Most studies indicate that any such impact would be very small. British Columbia adopted a carbon tax in 2008, and its per capita GDP growth has outperformed Canada’s. (Meantime, the tax has reduced fossil fuel consumption by 9 percent, while use in the rest of that country has risen.) “Far from a ‘job killer,’ it is a world-leading example of how to tackle one of the greatest global challenges of our time: building an economy that will prosper in a carbon constrained world,” according to a commentary by two Canadian professors and the chairman of Pan American Silver Corporation and Alterra Power.
The most vulnerable companies would be those in the energy-intensive, trade-exposed (EITE) industrial sectors. They comprise less than 2 percent of U.S. GDP and less than half of 1 percent of non-farm labor. But these industries and jobs (basically, steel, aluminum, cement, glass, some paper and chemicals) are important, and there would be greater economic impact in regions where these industries are most significant. Since such businesses could be at a competitive disadvantage with businesses in no-tax countries, the United States should take steps to maintain a level playing field.
There is another—and more compelling—reason to do so. If the United States becomes a more expensive place to produce goods due to a price on carbon, we will have created an incentive for production in countries where there is no price on carbon. This is known as carbon leakage. Since a ton of carbon dioxide damages the global climate equally no matter where it is emitted, leakage renders our efforts to combat climate change less effective.
What, then, is the best way to ensure that a U.S. carbon tax would have its desired impact? The most common suggestion is a border tax adjustment (BTA). EITE goods arriving from nations that have no equivalent carbon price would pay a fee at our border. Similarly, U.S. EITE exporters would receive a credit to ensure that companies are all playing on level ground.
BTAs lie at the heart of the challenge of reconciling international trade and climate policies, according to Brian P. Flannery of Resources for the Future (RFF). In “Carbon Taxes, Trade, and Border Tax Adjustments,” an April 2016 policy brief, he wrote that language in the United Nations Framework Convention on Climate Change (UNFCCC) and its protocols and agreements reference trade and limiting adverse consequences of policies to address climate change, but they provide no procedures to resolve differences. Disputes over trade implications of climate measures could be addressed by the WTO.
WTO forbids tariffs designed primarily to protect the competitive position of a nation’s industries. Preventing leakage, however, is considered a legitimate goal. In a 2016 study Joel P. Trachtman, a professor of international law at Tufts’ Fletcher School, provided a detailed discussion of the WTO rules that should be considered in designing BTA’s. He noted that many aspects remain speculative because existing case law provides little clarity on how WTO rules might be interpreted in testing BTA’s.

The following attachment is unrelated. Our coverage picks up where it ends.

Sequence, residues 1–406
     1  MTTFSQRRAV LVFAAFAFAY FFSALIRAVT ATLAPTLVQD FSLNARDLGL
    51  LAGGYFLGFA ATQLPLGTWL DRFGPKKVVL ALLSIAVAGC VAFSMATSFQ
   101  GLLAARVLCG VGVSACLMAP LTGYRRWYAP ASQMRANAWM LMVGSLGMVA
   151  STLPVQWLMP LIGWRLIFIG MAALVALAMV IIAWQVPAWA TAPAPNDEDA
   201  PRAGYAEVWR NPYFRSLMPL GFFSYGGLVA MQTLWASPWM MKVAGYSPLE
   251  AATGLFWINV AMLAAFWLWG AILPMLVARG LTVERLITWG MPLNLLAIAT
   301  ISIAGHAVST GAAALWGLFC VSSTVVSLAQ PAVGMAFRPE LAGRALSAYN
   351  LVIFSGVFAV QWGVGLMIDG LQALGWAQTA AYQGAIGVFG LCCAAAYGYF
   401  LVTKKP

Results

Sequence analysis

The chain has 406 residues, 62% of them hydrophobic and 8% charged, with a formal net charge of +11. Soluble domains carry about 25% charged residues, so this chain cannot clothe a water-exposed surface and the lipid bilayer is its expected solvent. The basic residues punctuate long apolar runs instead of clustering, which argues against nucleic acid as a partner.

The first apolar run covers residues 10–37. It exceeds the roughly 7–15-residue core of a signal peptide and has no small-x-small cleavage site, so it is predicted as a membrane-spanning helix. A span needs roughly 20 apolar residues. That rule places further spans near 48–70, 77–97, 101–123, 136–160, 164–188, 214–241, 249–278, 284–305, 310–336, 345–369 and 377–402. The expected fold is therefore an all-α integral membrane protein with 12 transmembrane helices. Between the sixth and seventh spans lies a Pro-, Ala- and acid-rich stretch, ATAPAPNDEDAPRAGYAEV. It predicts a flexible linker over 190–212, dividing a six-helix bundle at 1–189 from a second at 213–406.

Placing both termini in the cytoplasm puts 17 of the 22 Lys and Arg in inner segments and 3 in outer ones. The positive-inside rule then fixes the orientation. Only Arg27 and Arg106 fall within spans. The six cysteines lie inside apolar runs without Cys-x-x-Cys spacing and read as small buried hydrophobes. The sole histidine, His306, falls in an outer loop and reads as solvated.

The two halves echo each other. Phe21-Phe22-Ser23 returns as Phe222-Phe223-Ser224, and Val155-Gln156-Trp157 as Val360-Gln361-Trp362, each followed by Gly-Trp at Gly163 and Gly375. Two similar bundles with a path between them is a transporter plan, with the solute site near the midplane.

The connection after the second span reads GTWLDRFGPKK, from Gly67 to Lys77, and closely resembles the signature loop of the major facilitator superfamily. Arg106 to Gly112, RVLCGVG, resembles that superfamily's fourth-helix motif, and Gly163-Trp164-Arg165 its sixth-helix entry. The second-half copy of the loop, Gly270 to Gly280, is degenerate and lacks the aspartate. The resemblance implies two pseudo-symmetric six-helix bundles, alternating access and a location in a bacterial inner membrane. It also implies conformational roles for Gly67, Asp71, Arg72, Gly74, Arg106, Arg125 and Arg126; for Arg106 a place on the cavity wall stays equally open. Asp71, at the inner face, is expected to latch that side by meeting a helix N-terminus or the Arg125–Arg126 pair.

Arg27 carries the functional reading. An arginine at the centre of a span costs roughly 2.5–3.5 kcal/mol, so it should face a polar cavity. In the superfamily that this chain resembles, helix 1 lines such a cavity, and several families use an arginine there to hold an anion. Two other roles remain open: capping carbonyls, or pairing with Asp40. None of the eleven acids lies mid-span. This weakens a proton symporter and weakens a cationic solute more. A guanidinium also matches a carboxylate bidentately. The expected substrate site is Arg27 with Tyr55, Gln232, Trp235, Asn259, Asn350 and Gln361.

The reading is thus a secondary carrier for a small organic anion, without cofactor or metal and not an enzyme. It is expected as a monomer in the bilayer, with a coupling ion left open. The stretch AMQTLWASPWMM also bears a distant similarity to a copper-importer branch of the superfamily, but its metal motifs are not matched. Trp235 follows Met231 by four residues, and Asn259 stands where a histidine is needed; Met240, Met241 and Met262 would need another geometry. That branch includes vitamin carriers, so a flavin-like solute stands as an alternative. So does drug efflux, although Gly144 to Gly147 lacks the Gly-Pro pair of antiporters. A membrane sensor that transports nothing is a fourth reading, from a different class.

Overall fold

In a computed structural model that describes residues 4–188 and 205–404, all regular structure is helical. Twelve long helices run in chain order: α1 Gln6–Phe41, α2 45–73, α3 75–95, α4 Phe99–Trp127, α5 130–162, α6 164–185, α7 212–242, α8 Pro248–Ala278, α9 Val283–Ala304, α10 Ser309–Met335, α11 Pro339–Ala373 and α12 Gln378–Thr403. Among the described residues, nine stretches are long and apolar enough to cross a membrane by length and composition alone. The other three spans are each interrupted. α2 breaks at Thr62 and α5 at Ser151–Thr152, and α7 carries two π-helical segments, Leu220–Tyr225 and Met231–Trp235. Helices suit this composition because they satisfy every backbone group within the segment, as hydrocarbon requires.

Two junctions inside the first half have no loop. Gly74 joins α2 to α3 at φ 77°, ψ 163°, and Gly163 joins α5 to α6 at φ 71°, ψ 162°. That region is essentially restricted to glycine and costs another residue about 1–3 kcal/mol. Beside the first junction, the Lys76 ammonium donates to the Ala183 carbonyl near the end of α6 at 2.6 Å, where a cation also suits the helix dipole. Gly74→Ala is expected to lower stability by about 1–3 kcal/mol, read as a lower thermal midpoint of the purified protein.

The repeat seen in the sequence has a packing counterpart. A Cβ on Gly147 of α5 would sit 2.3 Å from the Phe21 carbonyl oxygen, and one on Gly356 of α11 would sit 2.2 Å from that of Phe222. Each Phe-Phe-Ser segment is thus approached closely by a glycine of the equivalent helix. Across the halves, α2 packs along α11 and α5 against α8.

WTO rules should not deter nations from moving ahead, wrote Jennifer Hillman, a former member of the WTO’s Appellate Body. After analyzing the organization’s provisions governing harmonizing border provisions for carbon taxes, she concluded: “...provided that policymakers carefully design a [carbon] tax, keeping in mind the basic requirements of the WTO not to discriminate in favor of domestic producers or to favor imports from certain countries over others … the threat of WTO challenges should not present a barrier to policy makers wishing to adopt a carbon tax system now.”
If BTA’s are adopted, those who devise them will have to find ways to deal with the fact that intermediate supply and value chains may cross borders multiple times before final goods are bought or consumed. Determining a product’s origin could be a challenge in some cases.
Could the 2015 Paris accord diminish the need for border adjustments? Sam Kortum (Yale University) and David Weisbach (University of Chicago Law School) raised that possibility, writing that “all countries will have some implicit carbon price” (unlike the Kyoto Protocol, where developing nations had no emissions obligations).
Kortum and Weisbach concluded that BTA’s would entail high administrative costs, are likely to be complex and inaccurate, and would almost certainly depend on political choices to decide which goods, emissions, and nations would be covered. The best that can be done, they suggested, is crude BTA’s that roughly estimate emissions for broad categories of goods from a select group of countries—and imposing even that system would be difficult. In their Resources for the Future paper (March 2016), they recommended that BTA’s be applied only to activities and products associated with EITE sectors.
Democracy has been famously described as the worst possible form of government—except for all the others. Perhaps a similar description fits border adjustments. The best approach, Kortum and Weisbach wrote, might be to threaten to impose BTA’s in the future on countries that do not meet a specified standard for emissions reductions or a specified carbon price. That might induce countries to impose a price on carbon while avoiding the complexities of actually imposing BTA’s. Moreover, if producers know that imports from a given country will in the future face such levies, they may not relocate there in the first place, reducing leakage. In other words, threatening to impose BTAs may provide all the benefits of actually imposing them.